Asset class outlook

As a state-space model, the EV Asset Model responds consistently and proportionately to changing market conditions, which drives the changes to asset class prospects as viewed by the model.


Significant inflation in the UK and US hit bond prices and brought the prospect of rate rises and tapering of quantitative easing closer. Long term interest rates are back close to April levels. Shorter term rates are pricing in rate rises much sooner than before. Where the virus has had less impact, rates have moved less.

A rise in interest rates raises the general level of asset returns, especially for fixed income. Amongst equities, emerging markets have seen significant repricing and enhanced prospects while developed equities have had a relatively flat quarter so their outlook has improved only little.

Money markets

Returns expectations for money market and similar instruments have risen with interest rates, the lopsided change along the yield curve meaning short term returns from cash-like instruments are up more than they are over longer terms.

UK Government Bonds

Cheaper gilts mean higher expected returns but they are cheaper in part because of fears that they might get even cheaper very soon. That possibility offsets the higher yield in the short term.

Index Linked Bonds

Inflation is good for inflation-linked bonds and its continued rise over the past quarter means the outlook for index-linked gilts is further buoyed. The relative movement between nominal and real interest rates over the quarter means inflation rate expectations have edged even higher but, with long-term real rates remaining firmly below -2%, prospects for this asset class continue to remain low.

UK Corporate Bonds

Investment grade credit had a lacklustre quarter, broadly in line with treasuries, but higher spreads and a relatively solid footing for corporations is a benign scenario for corporate bonds and gives them a yard or two on gilts this quarter.

Global Government Bonds

There was a smaller upward movement across sovereign bond rates in overseas developed economies compared to the UK so expected returns for this asset class are also up albeit less than for UK bonds.

High Yield Bonds

High yield bonds enjoyed a good quarter with small but positive returns, and while the movement in interest rates provides a boost to their outlook, the change in expected returns is less than for investment grade credit.

UK Equity

Despite some strengthening of the pound and an oil supply crisis towards the end, UK markets ended the quarter higher than they began it. However, impending rate rises to combat inflation hinted at by the Bank of England and the continuing uncertainty surrounding COVID-19 and Brexit means that growth prospects are partially hollow and this has dampened the uplift in expected returns.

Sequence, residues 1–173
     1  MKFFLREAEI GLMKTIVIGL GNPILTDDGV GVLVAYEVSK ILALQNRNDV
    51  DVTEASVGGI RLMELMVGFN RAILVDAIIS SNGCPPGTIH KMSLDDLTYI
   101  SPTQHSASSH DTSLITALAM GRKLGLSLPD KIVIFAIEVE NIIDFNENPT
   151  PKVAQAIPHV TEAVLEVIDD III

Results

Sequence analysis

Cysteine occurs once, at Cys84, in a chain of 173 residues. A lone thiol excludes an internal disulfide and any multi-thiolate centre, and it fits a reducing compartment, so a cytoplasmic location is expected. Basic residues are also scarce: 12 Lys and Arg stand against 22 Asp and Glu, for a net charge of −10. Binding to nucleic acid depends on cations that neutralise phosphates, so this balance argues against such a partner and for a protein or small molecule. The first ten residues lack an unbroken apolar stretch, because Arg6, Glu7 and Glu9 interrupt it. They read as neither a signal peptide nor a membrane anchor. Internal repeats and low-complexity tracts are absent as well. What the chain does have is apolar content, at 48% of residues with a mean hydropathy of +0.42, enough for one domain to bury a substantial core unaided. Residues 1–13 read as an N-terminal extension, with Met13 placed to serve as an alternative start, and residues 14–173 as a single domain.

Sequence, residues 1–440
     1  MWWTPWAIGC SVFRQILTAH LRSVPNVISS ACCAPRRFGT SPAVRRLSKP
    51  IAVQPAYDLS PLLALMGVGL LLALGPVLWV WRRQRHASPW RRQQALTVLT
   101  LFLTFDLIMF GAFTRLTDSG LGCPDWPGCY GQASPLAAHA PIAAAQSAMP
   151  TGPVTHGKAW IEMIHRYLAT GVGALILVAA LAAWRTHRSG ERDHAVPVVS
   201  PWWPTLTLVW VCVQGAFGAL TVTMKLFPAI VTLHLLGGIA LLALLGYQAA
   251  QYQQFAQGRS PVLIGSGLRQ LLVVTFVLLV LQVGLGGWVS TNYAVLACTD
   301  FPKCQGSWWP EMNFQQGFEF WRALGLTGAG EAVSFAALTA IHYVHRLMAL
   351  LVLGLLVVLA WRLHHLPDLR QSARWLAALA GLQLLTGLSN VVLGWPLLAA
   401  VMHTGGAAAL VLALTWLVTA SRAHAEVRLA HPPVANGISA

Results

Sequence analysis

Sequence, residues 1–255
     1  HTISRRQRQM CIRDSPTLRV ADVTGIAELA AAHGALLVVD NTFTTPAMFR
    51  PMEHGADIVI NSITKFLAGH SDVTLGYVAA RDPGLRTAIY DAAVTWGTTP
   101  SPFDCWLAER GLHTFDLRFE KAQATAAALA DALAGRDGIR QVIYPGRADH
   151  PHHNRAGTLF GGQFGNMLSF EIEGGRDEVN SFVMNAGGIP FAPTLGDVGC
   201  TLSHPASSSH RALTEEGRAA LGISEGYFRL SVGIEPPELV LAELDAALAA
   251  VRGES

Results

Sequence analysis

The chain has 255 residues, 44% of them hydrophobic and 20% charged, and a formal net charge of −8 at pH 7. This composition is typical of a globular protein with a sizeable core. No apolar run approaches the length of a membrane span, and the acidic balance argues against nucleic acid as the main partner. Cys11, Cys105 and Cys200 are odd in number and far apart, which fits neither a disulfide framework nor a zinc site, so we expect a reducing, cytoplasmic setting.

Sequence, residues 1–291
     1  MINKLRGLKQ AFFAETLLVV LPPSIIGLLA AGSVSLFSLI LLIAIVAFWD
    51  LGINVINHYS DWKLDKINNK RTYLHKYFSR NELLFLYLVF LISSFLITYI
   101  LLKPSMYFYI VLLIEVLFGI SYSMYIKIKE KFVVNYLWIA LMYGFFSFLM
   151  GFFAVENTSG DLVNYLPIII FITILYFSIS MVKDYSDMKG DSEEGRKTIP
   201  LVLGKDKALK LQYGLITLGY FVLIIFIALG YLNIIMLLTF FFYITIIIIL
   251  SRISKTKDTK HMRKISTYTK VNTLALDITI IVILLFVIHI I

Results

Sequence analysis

US Equity

US equities had a lacklustre quarter over which GDP received downward revisions and debt ceiling politics threatened to disrupt markets. Fundamentals have not changed much and, with the Fed striking a hawkish tone amidst inflation fears, most of the change in outlook comes from the risk-free baseline and expected returns have improved on the quarter but still not as far as two quarters ago and less than other developed markets.

European Equity

Unlike the Bank of England and Federal Reserve, the ECB has resisted any indication of tapering its quantitative easing and there’s increased pressure on equities to deliver. However, change of leadership in arguably the most influential European market and hikes in energy prices have weighed on growth prospects so, after a relatively flat quarter, expected returns for eurozone equities have only nudged upwards a little.

Japanese Equity

Despite the global semiconductor shortage impacting corporate Japan, a change in leadership and improving control over the COVID-19 pandemic had a positive impact on Japanese stocks over the past quarter, with the Topix being at its highest in the last three decades. A weakened yen and strong fundamentals means some of that momentum is retained going forward and Japanese equities have an uptick in outlook.

Asia-Pacific ex-Japan Equity

Like emerging markets, Asia-Pacific equities also suffered this quarter with the flagship index dropping by close to a tenth. Fears of spillover from the property crisis in China and wider supply chain issues weigh on growth prospects which, though up on the quarter, are less than other equity markets.

Emerging Markets Equity

Over the past quarter, emerging markets saw its biggest fall since the COVID-led crisis last year, mostly on the back of a sell-off in China abetted by various government interventions but also endemic supply chain issues and regional political uncertainty. With emerging market currencies also broadly falling against the dollar over the period, EM stocks appear cheap and prospects for this asset class have strengthened most amongst equities.

UK Property

Property continued its slow recovery over the past quarter as confidence of the existence of a post Covid future grows but what use of current commercial spaces the future holds remains unsettled, there is a lot of rent still unpaid and rising rates may not be good news so expected returns remain low despite the general boost they’ve shared.